Atlas Nscale GP-38 Electrical glitch?

Discussion in 'FAQs' started by Herc Driver, May 25, 2008.

  1. Herc Driver

    Herc Driver Active Member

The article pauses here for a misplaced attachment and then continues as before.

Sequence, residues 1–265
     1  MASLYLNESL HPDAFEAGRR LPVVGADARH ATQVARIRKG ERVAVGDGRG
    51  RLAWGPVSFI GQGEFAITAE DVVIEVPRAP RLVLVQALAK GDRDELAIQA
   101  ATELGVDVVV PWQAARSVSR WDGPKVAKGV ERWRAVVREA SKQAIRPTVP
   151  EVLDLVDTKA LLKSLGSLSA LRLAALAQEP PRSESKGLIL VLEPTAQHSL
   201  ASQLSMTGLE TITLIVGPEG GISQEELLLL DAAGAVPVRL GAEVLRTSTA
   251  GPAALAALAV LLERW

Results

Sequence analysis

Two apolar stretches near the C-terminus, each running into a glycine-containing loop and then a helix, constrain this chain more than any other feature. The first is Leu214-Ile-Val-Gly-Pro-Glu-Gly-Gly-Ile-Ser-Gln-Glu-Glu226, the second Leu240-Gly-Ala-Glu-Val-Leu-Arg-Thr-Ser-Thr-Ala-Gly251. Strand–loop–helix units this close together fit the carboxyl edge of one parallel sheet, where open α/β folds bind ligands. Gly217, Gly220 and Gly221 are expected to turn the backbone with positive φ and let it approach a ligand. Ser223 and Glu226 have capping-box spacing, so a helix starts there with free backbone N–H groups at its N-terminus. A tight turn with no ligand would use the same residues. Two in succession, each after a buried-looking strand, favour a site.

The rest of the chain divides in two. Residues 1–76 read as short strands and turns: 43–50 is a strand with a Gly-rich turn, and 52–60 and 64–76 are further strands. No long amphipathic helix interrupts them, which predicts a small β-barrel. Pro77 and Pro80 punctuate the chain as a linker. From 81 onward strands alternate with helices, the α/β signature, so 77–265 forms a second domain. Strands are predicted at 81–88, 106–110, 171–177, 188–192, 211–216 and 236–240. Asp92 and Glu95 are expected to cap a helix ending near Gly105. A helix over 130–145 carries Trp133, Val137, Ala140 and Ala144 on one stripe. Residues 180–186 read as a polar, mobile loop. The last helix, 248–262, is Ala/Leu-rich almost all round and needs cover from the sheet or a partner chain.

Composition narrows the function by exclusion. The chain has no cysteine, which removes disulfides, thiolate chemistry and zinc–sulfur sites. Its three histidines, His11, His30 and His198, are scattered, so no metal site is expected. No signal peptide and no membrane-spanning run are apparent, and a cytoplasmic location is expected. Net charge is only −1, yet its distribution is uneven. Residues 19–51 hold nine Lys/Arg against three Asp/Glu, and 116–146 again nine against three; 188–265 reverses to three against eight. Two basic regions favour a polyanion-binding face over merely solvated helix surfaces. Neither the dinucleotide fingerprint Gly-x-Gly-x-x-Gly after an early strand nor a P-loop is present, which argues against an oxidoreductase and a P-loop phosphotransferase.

Got a quick question guys that maybe someone with greater electrical understanding can answer. I have an Atlas GP38 unit that I was running on the new and yet unfinished layout and noticed that occasionally both the front and rear number boards were lit at the same time while the engine was moving forward down the rails. And to add to the problem, I'd only get both rear and front number boards to illuminate at certain sections of the track - not the entire layout. I cleaned the painted rails in the area where I first noticed this problem and actually think it helped. At first I thought maybe a power pack wire was touching the DC accessory screw and providing another source of DC power besides the track leads, but that wasn't the case. Then I wondered if I had mis-wired the three sets of feeder wires to the layout tracks, but that checked ok too. So I'm left with the diesel itself...this little guy has never sounded "right" when it ran on the previous layout and still doesn't sound like the motor runs well now on the new yet-unfinished layout. I removed the shell and can't find a stray wire or for all you Atlas diesel uber-electricians - could I get some ideas of what else to check? Is it possible (however improbable) that there's too much paint on the inside of the rail and current is being picked up just sporatically enough to "fool" the circuitry? Additional facts...this diesel has never ran well and sometimes the motor changes the way it sounds - going from what I'd call a normal nscale motor sound to a higher pitch sound. It's done this from day one out of the box. Also, I think this Atlas product is about 5 years old, not one of the more current motor/frames recently released.